Kano Pastor castrated
The commercial city of Kano in North Western Nigeria was engulfed in a riot. As the city convulsed and simmered, Rev. Simon H. Ibrahim decided to take refuge in his office. Then he was the secretary of the Christian Association of Nigeria (CAN), Kano. But he was a marked man.Fatwa
He was born and raised a Muslim in the same state. He was even known in the city as an Islamic scholar before he converted to Christianity. That was when his problem started. Members of his family denounced him and his former Muslim friends and colleagues began treating him like a pariah. For daring to switch to another religious faith, a fatwa (death sentence) was slammed on him.
When a religious crisis convulsed the city, a handful of fundamentalists were hot on his trail. They stormed his office and dragged him out by the scruff of his pastor’s collar to the back of his office. After beating him unconscious, his assailants crudely cut off his testicles with a sharp dagger and plucked out his right eye. They went away triumphantly with these vital body parts as a trophy and he was left to bleed to death.
Help later came to the 56-year-old Anglican Pastor. Still dazed by the harrowing experience, he was taken to a hospital in Kano by some good Samaritans. After months in the hospital, he was discharged. For security reasons, the church, Sunday Sun learnt, “spirited” him out of the city and eventually out of the country. For the past 19 years he had been out of Nigeria until his brief return this week.Safe at last
Now a missionary in far away Mali and under the protective wings of the United Nations High Commission for Refugees (UNHCR), Rev Simon is safe at last. He only flew into Lagos to witness the handing over of keys to an apartment and car to Mrs Veronica George Orji, the wife of another pastor slain by Boko Haram in Maiduguri last July.
Not broken by the ugly incident, which took place in 1991 when renowned German televangelist Reinhard Bonnke visited the city, he told Sunday Sun: “I remember the grim details all the time but as a Christian, I forgive them.”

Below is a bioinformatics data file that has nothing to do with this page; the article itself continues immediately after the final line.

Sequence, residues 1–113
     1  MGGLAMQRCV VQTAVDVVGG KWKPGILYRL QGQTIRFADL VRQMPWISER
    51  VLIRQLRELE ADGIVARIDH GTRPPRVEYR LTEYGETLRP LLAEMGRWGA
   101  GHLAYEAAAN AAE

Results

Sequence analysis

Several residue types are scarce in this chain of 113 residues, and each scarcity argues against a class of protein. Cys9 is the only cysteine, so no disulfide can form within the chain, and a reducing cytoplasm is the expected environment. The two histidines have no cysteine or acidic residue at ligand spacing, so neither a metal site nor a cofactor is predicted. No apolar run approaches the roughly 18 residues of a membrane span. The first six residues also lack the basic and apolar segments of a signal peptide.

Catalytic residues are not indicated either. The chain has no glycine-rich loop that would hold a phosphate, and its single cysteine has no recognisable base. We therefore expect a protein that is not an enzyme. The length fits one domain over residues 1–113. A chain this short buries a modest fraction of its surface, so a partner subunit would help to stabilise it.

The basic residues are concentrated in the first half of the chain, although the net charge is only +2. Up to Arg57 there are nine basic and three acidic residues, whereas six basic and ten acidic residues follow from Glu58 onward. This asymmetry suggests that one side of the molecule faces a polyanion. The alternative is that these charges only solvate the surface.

Pressed for further comments, he said: “I don’t call what happened to me a castration. I call it God’s own appointed time. I had had children before that time. I have six of them and I’m contented with that number. My attackers didn’t win. I’m alive, hale and hearty
“In fact, very little has changed. I’m still a thorn in their flesh. As I told you, I was an Islamic scholar before I converted to Christianity. I have their records. That is why they are afraid of me.
“Anyway, I’m under the United Nations High Commission for Refugees (UNHCR). We are not allowed to talk the way I’m talking to you now.”
Deep concern for his safety and security perhaps precludes him from disclosing where his wife and children are. All he could say about his family was: “They are somewhere. You know, with the way things are, it is not right for me tell you every detail. That may create a security problem.”Defiant
At the quiet ceremony in Gbagada, Lagos, which attracted the president of the Pentecostal Fellowship of Nigeria (PFN), Pastor Ayo Oritsejafor, Rev Simon radiated good health and defiance.
Praying for all martyrs, widows and orphans of the numerous religious crises in the country, he said: “God will in His infinite power and wisdom touch the hearts hardened by hatred and protect helpless widows and children made fatherless.”
Before heading for the airport to return to his base, the cleric spent quality time with Mrs Orji’s little daughter, Esther. She was born six months after her father’s death. The resettlement of Pastor Orji’s wife was spearheaded by an NGO, Macedonia Initiative. Its international coordinator, Pastor Ladi Thompson, told Sunday Sun: “The gesture is only a model of other great things we plan to do for the martyr.”
Notable clerics, who also helped, included Bishop Mike Okonkwo, Pastor Yomi Kasali and Pastor Femi Paul of Grace Assembly.